British Columbia

Indigenous communities need authority over child welfare says legal advocacy group

A new report from Westcoast LEAF identifies what B.C. First Nations need to better support Indigenous families and keep children out of ministry care.

New report calls for better resources to keep First Nations families together

Indigenous children are 15 times more likely to enter government care than a non-Indigenous child in B.C. (Costea Andrea M/Shutterstock)

The current child welfare system in British Columbia has been called the Millenium Scoop because of the high rates of Indigenous children in care and a new report says the government could do more to help First Nations families stay together.

The report, prepared by Vancouver-based non-profit legal group West Coast LEAF, includes the experiences of 64 parents who engaged with the child welfare system, eight service organizations and three communities on the territories of the Snuneymuxw First Nation in Nanaimo, Secwepemc First Nations in Kamloops, and the Fraser Salish People in Surrey. 

It recommends that Indigenous communities have authority over the welfare of their children and calls for better resources to establish family support programs in these communities.

"We know that this framework works," said report author Elba Bendo in an interview on CBC's The Early Edition. "The problem is that the progress toward shifting authority to Indigenous communities, and funding community-based supports has been incredible slow."

Ministry money

According to the Ministry of Indigenous Child and Family Development, all 203 First Nations and the seven agencies that serve Métis people in B.C. were invited to apply for up to $30,000 in family-support funding.

The ministry said 167 First Nations and agencies received money for this fiscal year.

In total, $6.4 million was provided for a variety of programs, including parenting classes taught by elders, support for parents from rural communities with transportation to court and counselling appointments, and strengthening traditional Indigenous skills within families, such as hunting and storytelling.

Yet in B.C., Indigenous children remain 15 times more likely to enter government care than a non-Indigenous child.

"The act of removing children from their parents, and then the near cessation in reasonable access is very trauma-inducing," said Frances Rosner, a Métis lawyer with a child-protection practice who was part of an advisory committee that contributed to the report.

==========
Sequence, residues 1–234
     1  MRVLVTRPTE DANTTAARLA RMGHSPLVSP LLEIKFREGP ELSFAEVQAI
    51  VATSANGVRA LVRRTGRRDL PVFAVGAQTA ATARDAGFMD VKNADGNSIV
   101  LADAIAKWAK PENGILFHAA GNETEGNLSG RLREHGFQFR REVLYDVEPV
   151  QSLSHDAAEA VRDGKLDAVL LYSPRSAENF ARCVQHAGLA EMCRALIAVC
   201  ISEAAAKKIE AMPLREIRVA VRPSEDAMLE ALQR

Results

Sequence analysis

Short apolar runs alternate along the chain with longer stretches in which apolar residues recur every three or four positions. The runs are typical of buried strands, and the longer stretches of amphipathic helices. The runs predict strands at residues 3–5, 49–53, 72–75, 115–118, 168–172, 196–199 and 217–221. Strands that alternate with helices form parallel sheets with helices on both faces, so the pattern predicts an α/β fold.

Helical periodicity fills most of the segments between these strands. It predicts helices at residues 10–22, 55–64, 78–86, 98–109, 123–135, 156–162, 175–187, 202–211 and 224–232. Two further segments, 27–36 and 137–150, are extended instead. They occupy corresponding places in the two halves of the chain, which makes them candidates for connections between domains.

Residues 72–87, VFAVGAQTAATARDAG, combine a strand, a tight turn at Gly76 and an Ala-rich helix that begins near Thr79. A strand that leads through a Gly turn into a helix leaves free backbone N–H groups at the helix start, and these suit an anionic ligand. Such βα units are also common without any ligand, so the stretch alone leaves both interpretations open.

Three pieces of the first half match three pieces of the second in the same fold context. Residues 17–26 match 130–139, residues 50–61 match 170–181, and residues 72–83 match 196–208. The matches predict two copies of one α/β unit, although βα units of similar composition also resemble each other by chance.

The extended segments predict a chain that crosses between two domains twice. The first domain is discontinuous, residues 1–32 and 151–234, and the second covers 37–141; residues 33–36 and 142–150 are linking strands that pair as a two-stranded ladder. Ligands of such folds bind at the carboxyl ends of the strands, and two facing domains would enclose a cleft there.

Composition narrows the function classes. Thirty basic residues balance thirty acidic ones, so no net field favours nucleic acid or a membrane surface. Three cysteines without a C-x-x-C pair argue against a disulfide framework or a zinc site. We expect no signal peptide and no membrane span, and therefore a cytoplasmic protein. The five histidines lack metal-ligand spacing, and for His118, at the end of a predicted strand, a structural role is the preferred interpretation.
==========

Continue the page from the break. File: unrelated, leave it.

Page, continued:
"They are being told about an ideal way of parenting and that particular parenting model may not be what the Indigenous family endorses as the right way to rear children," said Rosner.

Bendo said there is no one approach that will work for all communities, but as it stands now resources are not divided equitably. She knows of families that have had to move to find community-based resources that were culturally safe, meaning they felt respected and safe from discrimination.

A big need, said Bendo, is for programs that the entire extended family can take part in, where child welfare workers coordinate with the parents and extended relatives to assess what they need.

"These programs need to be funded the way that our emergency rooms are funded and our schools are funded," said Bendo, adding this funding should be provided long term so service providers do not have to continuously reapply. 

In a statement, the Ministry of Children and Family Development called the report important and agreed the over-representation of Indigenous children in care is unacceptable. 

"We continue to work with individual First Nations to see them ultimately exercise their jurisdiction over child and family services. And we're working with the First Nations Leadership Council and the Federal government on systemic changes," said the ministry.

With files from The Early Edition and Bridgette Watson